Q. In your column of August 14, 1976, you said " . . . depreciation may be taken on the value of the entire depreciable amount of the real estate investment, not just the amount that the investor has actually invested." Are you saying that real estate purchased 20 years ago for $800, and now valued at $35,000 and used as rental property, can be depreciated based upon the value of $35,000?
A. No. I take it that you've recently converted an owner-occupied (or at least, non-rental) house to a rental house. In that case, your basis for depreciation is the lesser of (1) fair market value of the house and other depreciable improvements at the time of conversion or (2) your adjusted cost basis of the house and other depreciable improvements.
How do you determine which is less? Well, for fair market value, the best way, I think, is to have your property appraised by a qualified appraiser. And be sure to have the appraiser value the land (which isn't depreciable) and the house and other depreciable improvements (which are depreciable) separately. Your basis for depreciation is determined by the fair market value of your house and other depreciable improvements.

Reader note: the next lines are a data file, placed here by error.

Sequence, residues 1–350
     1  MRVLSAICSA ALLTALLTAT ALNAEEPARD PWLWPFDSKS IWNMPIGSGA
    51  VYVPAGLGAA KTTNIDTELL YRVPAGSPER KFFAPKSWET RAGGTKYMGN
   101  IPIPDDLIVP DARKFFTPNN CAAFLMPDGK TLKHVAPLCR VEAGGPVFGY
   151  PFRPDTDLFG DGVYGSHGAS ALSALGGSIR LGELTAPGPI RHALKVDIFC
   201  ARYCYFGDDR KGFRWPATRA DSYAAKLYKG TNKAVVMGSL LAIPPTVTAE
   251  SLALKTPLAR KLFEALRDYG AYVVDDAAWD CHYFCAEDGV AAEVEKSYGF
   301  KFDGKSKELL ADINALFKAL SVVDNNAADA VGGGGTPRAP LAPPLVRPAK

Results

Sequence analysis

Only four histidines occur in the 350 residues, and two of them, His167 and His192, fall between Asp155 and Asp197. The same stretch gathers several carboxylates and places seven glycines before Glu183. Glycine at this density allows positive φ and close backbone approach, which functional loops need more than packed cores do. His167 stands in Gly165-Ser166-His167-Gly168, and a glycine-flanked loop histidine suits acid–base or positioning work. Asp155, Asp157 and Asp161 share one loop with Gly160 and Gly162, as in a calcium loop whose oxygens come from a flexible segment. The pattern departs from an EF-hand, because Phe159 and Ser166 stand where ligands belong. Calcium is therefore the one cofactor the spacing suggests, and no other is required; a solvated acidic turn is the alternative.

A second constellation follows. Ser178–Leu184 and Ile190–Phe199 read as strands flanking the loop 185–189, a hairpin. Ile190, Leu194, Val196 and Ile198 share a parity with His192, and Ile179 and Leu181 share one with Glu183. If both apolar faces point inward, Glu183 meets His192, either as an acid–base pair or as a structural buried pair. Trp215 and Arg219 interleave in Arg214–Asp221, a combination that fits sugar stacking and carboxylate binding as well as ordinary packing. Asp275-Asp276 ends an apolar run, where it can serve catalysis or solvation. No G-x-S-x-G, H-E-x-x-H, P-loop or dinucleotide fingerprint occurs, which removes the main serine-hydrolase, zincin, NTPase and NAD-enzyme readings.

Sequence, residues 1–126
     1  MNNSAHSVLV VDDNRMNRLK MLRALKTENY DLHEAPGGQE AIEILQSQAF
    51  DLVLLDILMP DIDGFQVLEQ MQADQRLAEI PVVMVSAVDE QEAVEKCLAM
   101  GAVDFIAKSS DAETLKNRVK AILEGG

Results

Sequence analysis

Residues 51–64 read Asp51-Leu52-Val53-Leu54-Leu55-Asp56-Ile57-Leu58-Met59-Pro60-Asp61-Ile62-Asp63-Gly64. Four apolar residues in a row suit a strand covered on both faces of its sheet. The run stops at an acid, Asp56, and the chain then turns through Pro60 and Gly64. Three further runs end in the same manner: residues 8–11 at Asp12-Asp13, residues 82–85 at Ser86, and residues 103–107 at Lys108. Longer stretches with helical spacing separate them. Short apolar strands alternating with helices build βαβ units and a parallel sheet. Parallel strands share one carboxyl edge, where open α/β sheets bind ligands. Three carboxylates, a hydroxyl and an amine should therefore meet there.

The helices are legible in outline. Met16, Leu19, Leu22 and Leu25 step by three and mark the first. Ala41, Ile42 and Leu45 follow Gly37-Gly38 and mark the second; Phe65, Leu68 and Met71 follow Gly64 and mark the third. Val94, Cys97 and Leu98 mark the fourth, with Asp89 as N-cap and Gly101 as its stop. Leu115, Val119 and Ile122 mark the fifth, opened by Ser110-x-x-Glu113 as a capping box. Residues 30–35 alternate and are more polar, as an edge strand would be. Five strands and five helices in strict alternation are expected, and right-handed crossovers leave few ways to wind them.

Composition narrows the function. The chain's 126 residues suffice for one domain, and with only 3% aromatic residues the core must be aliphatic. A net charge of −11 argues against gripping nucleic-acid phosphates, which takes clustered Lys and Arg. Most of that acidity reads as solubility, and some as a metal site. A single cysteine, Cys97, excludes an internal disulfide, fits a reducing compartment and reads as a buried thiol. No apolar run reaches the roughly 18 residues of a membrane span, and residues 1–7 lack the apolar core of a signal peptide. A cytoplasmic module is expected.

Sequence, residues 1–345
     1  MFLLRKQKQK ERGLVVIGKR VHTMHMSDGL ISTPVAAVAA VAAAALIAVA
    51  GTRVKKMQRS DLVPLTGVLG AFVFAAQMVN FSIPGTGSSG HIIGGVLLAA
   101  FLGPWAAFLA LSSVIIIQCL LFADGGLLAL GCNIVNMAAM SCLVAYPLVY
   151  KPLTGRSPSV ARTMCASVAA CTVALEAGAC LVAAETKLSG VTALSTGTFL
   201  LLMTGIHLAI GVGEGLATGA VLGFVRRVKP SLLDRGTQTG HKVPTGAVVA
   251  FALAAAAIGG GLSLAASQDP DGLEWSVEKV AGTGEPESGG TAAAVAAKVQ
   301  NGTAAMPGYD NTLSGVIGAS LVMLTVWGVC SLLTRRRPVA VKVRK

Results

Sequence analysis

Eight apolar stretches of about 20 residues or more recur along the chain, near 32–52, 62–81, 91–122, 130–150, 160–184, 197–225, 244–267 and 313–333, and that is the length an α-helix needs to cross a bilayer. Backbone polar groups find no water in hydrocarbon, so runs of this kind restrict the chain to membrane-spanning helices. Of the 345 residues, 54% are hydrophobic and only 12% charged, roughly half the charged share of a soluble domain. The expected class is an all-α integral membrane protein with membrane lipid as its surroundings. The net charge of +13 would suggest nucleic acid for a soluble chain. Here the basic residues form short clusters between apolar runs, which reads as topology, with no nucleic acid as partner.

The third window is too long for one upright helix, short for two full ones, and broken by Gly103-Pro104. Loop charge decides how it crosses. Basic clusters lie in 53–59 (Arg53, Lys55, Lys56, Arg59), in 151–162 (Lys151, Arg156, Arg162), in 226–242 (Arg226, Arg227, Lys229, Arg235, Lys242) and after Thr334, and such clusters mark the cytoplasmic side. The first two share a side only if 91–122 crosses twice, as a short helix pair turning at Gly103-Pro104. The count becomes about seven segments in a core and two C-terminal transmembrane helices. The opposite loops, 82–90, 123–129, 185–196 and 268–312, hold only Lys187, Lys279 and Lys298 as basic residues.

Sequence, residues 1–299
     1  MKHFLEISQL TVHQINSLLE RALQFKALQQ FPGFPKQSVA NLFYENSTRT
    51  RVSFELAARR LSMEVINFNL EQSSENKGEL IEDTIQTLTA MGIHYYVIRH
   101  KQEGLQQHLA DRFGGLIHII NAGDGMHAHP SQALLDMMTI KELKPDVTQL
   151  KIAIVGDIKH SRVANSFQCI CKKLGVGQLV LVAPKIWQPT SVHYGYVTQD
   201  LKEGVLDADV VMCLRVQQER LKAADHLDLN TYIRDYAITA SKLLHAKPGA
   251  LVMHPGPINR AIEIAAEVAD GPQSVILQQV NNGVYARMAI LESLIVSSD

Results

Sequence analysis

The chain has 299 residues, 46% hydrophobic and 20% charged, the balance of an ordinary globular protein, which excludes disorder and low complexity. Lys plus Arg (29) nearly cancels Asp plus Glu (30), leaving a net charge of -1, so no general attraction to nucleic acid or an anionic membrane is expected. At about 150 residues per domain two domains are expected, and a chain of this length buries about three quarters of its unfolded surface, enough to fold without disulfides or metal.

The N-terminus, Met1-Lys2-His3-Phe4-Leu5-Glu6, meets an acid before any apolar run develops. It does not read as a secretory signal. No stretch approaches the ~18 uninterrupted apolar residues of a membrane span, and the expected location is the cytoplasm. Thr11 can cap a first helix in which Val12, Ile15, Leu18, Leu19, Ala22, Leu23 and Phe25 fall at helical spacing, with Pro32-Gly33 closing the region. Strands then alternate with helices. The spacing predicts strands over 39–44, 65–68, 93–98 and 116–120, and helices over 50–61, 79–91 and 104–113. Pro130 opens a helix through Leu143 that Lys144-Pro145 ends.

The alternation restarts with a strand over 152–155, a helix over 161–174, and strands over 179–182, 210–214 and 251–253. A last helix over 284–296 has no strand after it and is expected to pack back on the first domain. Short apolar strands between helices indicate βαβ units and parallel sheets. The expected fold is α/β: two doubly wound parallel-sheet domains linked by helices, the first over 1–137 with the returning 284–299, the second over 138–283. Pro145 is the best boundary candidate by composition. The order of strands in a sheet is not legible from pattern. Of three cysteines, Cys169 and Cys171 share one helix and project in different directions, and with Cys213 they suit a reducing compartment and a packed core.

In your case, stated simply, you get your adjusted cost basis by adding your original purchase price or construction cost (again, of the house and other depreciable improvements only) to (1) the cost of any permanent improvements, (2) certain closing costs, if any, you paid (e.g., real estate commissions and legal and recording fees . . . again, apportioned to the house and other depreciable improvements only), (3) other charges you properly elect to capitalize, and (4) all other proper capital expenses items. From this, you subtract (1) unreimbursed casualty and theft losses if any, and (2) amounts received for easements, if any, apportioned to the house and other depreciable improvements.
Earl A. Snyder answers questions from readers only inthis column. His address: 14909 Kalmia Dr., Laurel, Md. 20810.